Sverdrup
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Sverdrup
Sverdrup
Unit ofVolumetric flow rate
SymbolSv 
Conversions
1 million
US gallons/s264 million
35 million

In oceanography, the sverdrup (symbol: Sv) is a non-SI metric unit of flow, with equal to 1 million cubic metres per second (260,000,000 US gal/s);[1][2] it is equivalent to the SI derived unit cubic hectometer per second (symbol: hm3/s or hm3?s-1). It is used almost exclusively in oceanography to measure the volumetric rate of transport of ocean currents. It is named after Harald Sverdrup. It is distinct from the SI unit sievert or the non-SI svedberg, which use the same symbol.

In the context of ocean currents, one million cubic meters per second may be most easily imagined as a "slice" of ocean with dimensions × × (width × length × thickness). At this scale, these units can be more easily compared in terms of width of the current (several km), depth (hundreds of meters), and current speed (as meters per second). Thus, a hypothetical current wide, 500 m (0.5 km) deep, and moving at 2 m/s would be transporting of water.

Examples

The water transport in the Gulf Stream gradually increases from in the Florida Current to a maximum of south of Newfoundland at 55° W longitude.[3]

The Antarctic Circumpolar Current, at approximately , is the largest ocean current.[4]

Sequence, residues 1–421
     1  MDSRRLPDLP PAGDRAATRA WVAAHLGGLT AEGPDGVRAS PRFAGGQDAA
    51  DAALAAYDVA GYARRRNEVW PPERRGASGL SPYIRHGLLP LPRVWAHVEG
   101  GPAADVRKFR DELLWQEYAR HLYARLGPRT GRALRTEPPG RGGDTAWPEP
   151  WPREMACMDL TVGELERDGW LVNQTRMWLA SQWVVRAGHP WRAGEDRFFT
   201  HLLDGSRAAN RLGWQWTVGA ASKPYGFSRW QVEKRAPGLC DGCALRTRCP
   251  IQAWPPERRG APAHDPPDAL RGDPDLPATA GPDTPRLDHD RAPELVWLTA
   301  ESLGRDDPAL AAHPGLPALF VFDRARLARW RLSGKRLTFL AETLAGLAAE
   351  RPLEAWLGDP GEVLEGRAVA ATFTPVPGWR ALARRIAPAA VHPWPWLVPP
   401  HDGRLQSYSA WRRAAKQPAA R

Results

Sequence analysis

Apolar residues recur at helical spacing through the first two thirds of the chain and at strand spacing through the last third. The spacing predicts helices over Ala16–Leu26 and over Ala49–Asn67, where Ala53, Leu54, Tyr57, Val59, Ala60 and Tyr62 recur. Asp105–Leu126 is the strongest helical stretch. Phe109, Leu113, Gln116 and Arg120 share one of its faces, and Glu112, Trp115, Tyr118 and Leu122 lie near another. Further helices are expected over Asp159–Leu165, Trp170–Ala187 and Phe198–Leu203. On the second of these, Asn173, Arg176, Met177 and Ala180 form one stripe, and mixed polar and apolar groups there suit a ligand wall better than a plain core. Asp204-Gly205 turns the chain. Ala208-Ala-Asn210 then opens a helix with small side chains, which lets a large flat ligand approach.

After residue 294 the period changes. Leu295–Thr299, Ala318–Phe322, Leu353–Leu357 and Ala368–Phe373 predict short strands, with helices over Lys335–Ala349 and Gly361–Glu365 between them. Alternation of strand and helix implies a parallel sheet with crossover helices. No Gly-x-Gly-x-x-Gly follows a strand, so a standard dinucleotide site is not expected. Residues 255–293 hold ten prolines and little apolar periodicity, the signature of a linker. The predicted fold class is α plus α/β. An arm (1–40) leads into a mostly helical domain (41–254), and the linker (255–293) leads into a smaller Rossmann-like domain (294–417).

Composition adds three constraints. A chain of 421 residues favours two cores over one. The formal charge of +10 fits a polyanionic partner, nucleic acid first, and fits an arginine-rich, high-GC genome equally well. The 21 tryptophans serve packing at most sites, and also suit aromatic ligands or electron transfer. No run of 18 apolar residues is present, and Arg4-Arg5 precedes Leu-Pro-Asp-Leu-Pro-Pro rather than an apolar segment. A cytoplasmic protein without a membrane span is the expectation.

The entire global input of fresh water from rivers to the ocean is approximately .[5]

References

  1. ^ "Glossary". Ocean Surface Currents. University of Miami Rosenstiel School of Marine and Atmospheric Science. Retrieved .
  2. ^ "Sverdrups & Brine". Ecoworld. Archived from the original on 20 January 2011. Retrieved 2017.
  3. ^ "The Gulf Stream". Ocean Surface Currents. University of Miami Rosenstiel School of Marine and Atmospheric Science. Retrieved 2017.
  4. ^ "The Antarctic Circumpolar Current". Ocean Surface Currents. University of Miami Rosenstiel School of Marine and Atmospheric Science. Retrieved 2017.
  5. ^ Lagerloef, Gary; Schmitt, Raymond; Schanze, Julian; Kao, Hsun-Ying (2010-12-01). "The Ocean and the Global Water Cycle". Oceanography. 23 (4): 82-93. doi:10.5670/oceanog.2010.07.

  This article uses material from the Wikipedia page available here. It is released under the Creative Commons Attribution-Share-Alike License 3.0.

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